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Long Beach Health Department Director Ron Arias
November 20, 2012 - After 12-plus years at the helm of the Long Beach Health and Human Services Department, one of only three city jurisdictions in the state, Ron Arias announced he is retiring at the end of this year.
Before he retires from a career in public health, Arias agreed to sit down with the Long Beach Business Journal to discuss how, as director, he has helped develop and maintain the local department's public health programs and supported the overall wellbeing of the community.
Arias has lived in Long Beach for more than 40 years. "I would say that one of the reasons I was hired is due to the fact that I have been in Long Beach since '69," he told the Business Journal. "I graduated in '71 from Long Beach State, and then I worked at the East Long Beach Neighborhood Center in '71 and '72. So I started at the local level."
His work at the neighborhood center led Arias to pursue a graduate degree in public administration at USC. He continued his career in public health working for the Community Health Foundation of Los Angeles and the Health Systems Agency for Los Angeles County before getting a job with the American Lung Association in 1983 as the director of communications and government affairs. In 1990, Arias decided to go back to his roots and was hired as the manager of the public health bureau in Long Beach.
"The psychology of complex organizations, whether you're in the nonprofit sector or the private sector or the government sector, is relatively similar," Arias said, reflecting on his work on the local, county and national levels. "You have identified leaders. There are policies and procedures that you have to learn. There are people who have more influence than others. And you learn what is required to get things done."
Arias worked in that capacity for a decade before he began his tenure as director of the department in February 2000. Since then, he has spearheaded the development of the Miller Family Health Education Center, an educational hub for collaboration with the city's diverse community on public health; established Community Health Research Studies (part one and two); helped roll out the city's first 100 percent ban on smoking; developed chronic disease prevention programs and more.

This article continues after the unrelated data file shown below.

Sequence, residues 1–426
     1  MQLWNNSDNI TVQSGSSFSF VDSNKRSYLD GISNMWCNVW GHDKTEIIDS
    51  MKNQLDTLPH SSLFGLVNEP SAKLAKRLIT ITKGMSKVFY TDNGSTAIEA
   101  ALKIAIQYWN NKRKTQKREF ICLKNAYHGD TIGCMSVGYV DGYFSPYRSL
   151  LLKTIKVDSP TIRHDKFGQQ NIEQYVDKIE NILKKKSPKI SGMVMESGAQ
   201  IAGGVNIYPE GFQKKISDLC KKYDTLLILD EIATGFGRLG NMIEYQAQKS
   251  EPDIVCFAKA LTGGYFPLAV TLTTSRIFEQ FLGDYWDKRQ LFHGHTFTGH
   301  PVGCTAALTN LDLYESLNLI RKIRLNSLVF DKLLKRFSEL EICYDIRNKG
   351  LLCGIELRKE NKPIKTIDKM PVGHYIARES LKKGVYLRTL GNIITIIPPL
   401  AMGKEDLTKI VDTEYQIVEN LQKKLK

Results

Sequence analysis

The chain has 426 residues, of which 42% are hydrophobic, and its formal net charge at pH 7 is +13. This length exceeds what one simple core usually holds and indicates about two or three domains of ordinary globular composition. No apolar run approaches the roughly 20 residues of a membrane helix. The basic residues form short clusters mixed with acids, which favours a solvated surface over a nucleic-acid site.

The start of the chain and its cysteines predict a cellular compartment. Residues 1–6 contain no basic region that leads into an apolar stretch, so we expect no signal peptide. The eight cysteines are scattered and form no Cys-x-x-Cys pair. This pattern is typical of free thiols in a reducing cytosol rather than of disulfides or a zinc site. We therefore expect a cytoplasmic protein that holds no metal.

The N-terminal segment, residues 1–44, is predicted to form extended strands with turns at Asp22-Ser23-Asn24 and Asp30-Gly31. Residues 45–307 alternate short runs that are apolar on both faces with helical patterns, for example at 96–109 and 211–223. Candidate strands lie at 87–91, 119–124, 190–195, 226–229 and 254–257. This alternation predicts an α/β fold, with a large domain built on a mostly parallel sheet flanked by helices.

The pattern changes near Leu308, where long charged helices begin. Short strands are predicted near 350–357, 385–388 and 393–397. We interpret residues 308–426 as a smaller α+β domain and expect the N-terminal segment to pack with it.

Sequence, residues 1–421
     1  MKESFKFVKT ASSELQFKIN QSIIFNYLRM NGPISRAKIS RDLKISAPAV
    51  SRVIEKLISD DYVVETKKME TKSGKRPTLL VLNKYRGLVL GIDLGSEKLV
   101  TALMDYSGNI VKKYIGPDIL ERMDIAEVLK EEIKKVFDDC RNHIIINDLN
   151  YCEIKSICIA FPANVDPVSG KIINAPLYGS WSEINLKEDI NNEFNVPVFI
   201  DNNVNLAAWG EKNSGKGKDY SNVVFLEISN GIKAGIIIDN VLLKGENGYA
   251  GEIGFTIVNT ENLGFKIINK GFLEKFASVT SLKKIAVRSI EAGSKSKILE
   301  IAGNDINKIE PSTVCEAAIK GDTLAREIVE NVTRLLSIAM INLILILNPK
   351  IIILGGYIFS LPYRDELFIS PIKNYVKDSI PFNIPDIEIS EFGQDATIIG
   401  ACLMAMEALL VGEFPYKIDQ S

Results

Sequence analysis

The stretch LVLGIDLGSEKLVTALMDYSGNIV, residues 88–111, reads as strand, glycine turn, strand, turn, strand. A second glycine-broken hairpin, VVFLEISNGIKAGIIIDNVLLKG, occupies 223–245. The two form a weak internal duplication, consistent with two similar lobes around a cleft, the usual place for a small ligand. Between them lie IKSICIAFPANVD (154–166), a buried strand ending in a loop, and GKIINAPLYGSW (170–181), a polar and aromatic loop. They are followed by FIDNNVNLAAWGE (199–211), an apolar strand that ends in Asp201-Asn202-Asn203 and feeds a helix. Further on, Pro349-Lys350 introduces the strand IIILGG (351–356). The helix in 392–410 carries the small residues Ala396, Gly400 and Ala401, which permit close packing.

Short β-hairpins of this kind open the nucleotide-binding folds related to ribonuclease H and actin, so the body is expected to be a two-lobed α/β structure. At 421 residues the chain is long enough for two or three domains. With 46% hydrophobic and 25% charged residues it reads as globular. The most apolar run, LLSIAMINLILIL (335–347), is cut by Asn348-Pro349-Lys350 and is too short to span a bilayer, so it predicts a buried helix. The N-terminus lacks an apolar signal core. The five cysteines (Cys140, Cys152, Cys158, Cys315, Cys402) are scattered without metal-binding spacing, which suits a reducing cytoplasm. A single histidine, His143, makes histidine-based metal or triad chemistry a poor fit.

LBBJ: What initially attracted you to the healthcare field?
Arias: I think that the attraction for me was a desire to help the community. My very first job was at the East Long Beach Neighborhood Center right on the corner of Anaheim Street and Junipero Avenue, which later became the United Cambodian Community building. In the late '60s and early '70s it was an all-inclusive community center. I was a housing coordinator. Renters would point out problems with their landlords and ask for help, and we would try to negotiate repairs. At one point, somebody said I should contact the health department for help, and to my surprise they had a health housing program that required apartment complexes of four units or more to meet certain standards.
That was my first introduction to public health. I had originally thought I was going to be a teacher. I had an interest in coaching, and my undergraduate degree is in physical education, kinesiology. But after that experience I decided to go after my master's degree in public health administration with an emphasis in health services administration. I followed primarily a public health track since then.
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